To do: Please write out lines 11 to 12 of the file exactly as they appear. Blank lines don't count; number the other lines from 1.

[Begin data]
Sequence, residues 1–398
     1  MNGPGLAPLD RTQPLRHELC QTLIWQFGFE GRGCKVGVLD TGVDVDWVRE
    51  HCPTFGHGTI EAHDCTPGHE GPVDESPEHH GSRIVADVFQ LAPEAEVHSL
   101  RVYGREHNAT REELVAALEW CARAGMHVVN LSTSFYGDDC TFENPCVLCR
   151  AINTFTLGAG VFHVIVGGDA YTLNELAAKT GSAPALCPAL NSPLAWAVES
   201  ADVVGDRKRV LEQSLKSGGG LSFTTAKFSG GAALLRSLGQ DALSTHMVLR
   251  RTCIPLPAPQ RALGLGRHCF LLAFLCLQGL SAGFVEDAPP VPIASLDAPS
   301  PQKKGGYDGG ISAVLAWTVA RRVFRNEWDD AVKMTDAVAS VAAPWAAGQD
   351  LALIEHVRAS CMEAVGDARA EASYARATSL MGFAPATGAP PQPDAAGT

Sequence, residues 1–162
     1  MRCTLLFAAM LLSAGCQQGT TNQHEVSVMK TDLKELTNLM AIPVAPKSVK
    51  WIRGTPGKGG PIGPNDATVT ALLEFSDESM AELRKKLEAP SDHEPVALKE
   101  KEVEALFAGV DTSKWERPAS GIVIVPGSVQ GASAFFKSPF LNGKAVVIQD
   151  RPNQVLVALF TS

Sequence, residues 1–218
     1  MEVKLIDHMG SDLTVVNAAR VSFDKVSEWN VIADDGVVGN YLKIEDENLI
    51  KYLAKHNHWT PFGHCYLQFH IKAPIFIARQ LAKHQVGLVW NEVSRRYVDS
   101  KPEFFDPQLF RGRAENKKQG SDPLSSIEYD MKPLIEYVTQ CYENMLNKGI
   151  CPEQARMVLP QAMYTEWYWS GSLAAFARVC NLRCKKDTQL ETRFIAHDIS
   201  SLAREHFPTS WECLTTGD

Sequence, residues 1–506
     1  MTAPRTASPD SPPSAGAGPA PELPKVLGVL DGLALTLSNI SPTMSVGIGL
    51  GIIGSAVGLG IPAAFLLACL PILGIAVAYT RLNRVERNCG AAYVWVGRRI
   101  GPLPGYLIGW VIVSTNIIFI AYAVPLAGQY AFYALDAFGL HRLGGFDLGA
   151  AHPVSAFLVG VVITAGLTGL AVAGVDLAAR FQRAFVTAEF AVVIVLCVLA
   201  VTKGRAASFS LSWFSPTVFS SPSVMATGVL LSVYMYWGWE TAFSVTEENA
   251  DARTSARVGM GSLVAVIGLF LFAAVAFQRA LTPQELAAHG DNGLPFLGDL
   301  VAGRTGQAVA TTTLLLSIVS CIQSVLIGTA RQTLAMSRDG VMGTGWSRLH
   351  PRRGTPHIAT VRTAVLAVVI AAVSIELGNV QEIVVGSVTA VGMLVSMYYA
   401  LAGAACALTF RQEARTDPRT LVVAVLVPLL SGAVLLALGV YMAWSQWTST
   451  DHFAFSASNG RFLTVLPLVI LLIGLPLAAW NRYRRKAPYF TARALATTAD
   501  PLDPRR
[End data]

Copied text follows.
     1  MRCTLLFAAM LLSAGCQQGT TNQHEVSVMK TDLKELTNLM AIPVAPKSVK
    51  WIRGTPGKGG PIGPNDATVT ALLEFSDESM AELRKKLEAP SDHEPVALKE